“So, finally we got good versions of stuff, and then I worked on stuff a bunch more, and I still was not happy with things,” says Martsch. “Still, I felt like it just wasn’t quite there yet, and I really didn’t have it in me to do everything myself. So, I went to my two go-to guys, John McMahon and Brett Netson, to get some cello and Brett Nelton-style guitar on the record.” Netson, who led Caustic Resin, played on the first BTS album.
It’s hard to imagine Perfect From Now On without McMahon’s cello. It adds a woozy swoon to “I Would Hurt A Fly,” at least until Martsch and Netson’s guitars go haywire for the final two of the song’s six minutes. Remarkably, given all the revisions and reworkings, the album does not sound belabored. Songs such as “Randy Described Eternity” and “Stop The Show” retain a sense of spontaneous discovery and inspired improvisation, even as they are definitely composed pieces. On future albums, a number of BTS songs would arise from jam sessions, but not the ones on Perfect.
With the addition of some Mellotron from Robert Roth, and final overdubs, Martsch was finally willing to call the record finished. That’s when McEwen got to hear what they had been working on. “He ended up just showing up the last day of mixing,” says Martsch. “We played the whole record for him, and he just stood there and listened, played some air guitar, and said he liked it.”
McEwen recalls being more enthusiastic. “I just remember going out to Seattle, meeting Phil and being at the studio, and they played me stuff, and I was floored,” he says. “It was a leap to someplace that no one could foresee.”
Martsch, for his part, was sick of the album by then. “When the record came out, I did not like it at all,” he says. “I was super burned out on it. We went on tour, and we didn’t play any songs from it. I was like, ‘I don’t really ever want to play those songs. I’ve had enough of them.’ But you know, I think I liked them, too. I felt a real sense of accomplishment of overcoming obstacles, in that no matter what happens, I can do it. That’s something that’s stuck with me forever, since then. So, that meant a lot to me. But I didn’t want to ever hear it again.”
Warner Bros. released Perfect From Now On on Jan. 28, 1997, and both Martsch and McEwen cite Neil Strauss’ New York Times review from February 2 as the initial source of the album’s acclaim. The headline of the review was “60’s-Style Heroics for the 90’s.”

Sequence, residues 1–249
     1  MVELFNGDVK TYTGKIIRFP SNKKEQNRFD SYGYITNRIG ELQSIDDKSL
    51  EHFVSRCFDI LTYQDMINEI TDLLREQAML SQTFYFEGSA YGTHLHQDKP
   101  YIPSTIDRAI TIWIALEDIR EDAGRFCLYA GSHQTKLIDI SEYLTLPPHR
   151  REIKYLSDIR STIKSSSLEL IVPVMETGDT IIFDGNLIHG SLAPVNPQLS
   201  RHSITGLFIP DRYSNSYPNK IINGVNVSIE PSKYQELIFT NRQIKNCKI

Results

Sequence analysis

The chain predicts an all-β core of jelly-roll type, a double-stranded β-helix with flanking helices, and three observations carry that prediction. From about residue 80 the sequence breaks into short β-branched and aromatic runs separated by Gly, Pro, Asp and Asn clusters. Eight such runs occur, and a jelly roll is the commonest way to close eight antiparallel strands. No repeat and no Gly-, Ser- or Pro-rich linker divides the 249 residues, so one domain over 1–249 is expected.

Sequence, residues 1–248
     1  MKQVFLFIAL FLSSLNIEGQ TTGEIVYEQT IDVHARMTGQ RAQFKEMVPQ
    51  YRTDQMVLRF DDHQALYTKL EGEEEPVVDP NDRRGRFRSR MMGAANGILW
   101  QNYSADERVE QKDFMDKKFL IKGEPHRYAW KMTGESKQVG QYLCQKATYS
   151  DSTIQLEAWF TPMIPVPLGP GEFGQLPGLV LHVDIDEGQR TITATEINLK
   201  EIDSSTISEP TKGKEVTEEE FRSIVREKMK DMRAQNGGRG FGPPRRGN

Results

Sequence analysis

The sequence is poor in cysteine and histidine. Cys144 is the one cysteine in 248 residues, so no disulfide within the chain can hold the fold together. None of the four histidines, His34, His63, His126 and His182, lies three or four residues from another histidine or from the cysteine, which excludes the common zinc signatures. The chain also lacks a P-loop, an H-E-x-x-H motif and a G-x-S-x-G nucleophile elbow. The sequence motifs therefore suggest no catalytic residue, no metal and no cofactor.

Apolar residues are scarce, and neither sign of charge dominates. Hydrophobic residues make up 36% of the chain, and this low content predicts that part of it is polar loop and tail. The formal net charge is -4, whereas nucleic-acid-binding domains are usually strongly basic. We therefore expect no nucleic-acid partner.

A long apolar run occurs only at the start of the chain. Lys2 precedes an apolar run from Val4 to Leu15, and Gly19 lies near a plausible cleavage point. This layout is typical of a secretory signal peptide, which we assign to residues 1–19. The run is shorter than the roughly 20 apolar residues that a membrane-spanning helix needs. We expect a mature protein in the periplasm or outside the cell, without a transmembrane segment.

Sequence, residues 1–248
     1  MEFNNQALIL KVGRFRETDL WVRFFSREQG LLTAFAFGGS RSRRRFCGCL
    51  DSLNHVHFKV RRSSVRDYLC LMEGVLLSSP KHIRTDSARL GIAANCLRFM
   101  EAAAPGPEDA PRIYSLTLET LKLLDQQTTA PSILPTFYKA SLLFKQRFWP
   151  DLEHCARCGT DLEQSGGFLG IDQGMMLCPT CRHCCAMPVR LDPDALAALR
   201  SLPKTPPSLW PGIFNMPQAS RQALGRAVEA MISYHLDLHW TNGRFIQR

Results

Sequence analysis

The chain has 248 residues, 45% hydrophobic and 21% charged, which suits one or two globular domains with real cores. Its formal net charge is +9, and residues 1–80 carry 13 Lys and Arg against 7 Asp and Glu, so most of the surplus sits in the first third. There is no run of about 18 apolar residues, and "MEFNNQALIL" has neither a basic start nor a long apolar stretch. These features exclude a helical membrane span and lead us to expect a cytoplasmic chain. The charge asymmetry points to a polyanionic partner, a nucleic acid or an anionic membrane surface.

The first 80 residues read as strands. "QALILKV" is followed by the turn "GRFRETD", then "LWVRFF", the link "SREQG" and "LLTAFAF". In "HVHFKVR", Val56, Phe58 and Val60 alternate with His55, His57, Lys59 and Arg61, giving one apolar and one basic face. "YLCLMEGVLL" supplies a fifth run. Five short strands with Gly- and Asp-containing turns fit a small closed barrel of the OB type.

“He was really enamored of Netson’s guitar playing, especially, and he gave it this really good review, and he compared it to Clapton and Hendrix and stuff,” says Martsch. “That kind of set the tone, as the New York Times can set the tone for other people. I felt he really did us a favor by starting things off that way.”
“I wasn’t sure how people would react to the record,” says Ek. “It’s a long and daring album to be a major-label debut. People weren’t prepared for that type of album from BTS, especially following There’s Nothing Wrong With Love, so the reaction of people sorta of loving it, but also not quite understanding it, wasn’t a total surprise to me. But I thought at the time—and still do feel—that it is an incredibly brilliant and ballsy album to make, and it’s a testament to its genius that we are talking about it now.”
Martsch, of course, made his peace with the album, with reservations. “It has a do-it-yourself, homemade quality to it, but it seems to be stretching out to try to be this epic thing,” he says. “That juxtaposition, which I think could be a horrible thing and fail badly, somehow works with this record. I think I had different ideas about what it should be when we were working on it—I wanted it to be more like the Beatles—and I think if sonically it was what I wanted it to be, and if I could have played on it the way I wanted to play, it would have been a less interesting record, more conventional, maybe more popular. But I think what is good about that record is that it’s kind of epic, but it’s also kind of private. It has some bigness to it, but it also sounds like it was made in someone’s bedroom in a way, too.”
After the album came out, Plouf and Nelson became permanent members of the band for the next 17 years, until they quit, amicably, in 2012. Netson continues to be involved with the band, including on this year’s tours.
For the 2008 All Tomorrow’s Parties festival in New York, BTS was asked to perform Perfect in its entirety. Martsch went back to check the original recordings, since the songs had evolved over the years of playing them live.
“I listened to it for the first time in a long time, and I did not like it,” he says. “It really annoyed me, especially my vocals. There were so many things about it I did not like. But then we worked on it, and it kind of grew on me, and I thought, ‘Well, it’s not so bad.’ That was an interesting experience, of hating it and having it grow on me, like someone else’s record might.”
McEwen’s experience when he recently went back to the album reaffirmed his memories. “I hadn’t listened to it in years,” he says. “So, I started listening, and oh my god, it’s still great. There isn’t anybody around today that could do that on this level. In a way, it’s like My Bloody Valentine’s Loveless, which is another record I was involved with in a similar way, in that it just occupies its own space and it takes the guitar-rock form, which is kind of getting used up in a way, and makes something spectacular out of it. I mean, these are seven-minute songs that are extremely accessible; there are melodies within melodies, there are guitars all over the place, and they never step on one another. It’s really something. When I listen to it now, I marvel at it. And its follow-up, Keep It Like A Secret, is equally extraordinary.”
Martsch is currently working on a new Built To Spill album, the first since 2009’s There Is No Enemy, and its trajectory has been eerily similar to Perfect. Martsch, Plouf and Nelson recorded basic tracks for it a few years ago, before Plouf and Nelson left. Martsch scrapped those tracks and has started over with a new rhythm section of drummer Steve Gere and bassist Jason Albertini. Maybe the album will come out next spring—Built To Spill is still on Warner Bros., which is remarkable, too—but it’s hard to guess when Martsch will come to terms with its inevitable imperfections.
“Who knows when anything is really done,” he says.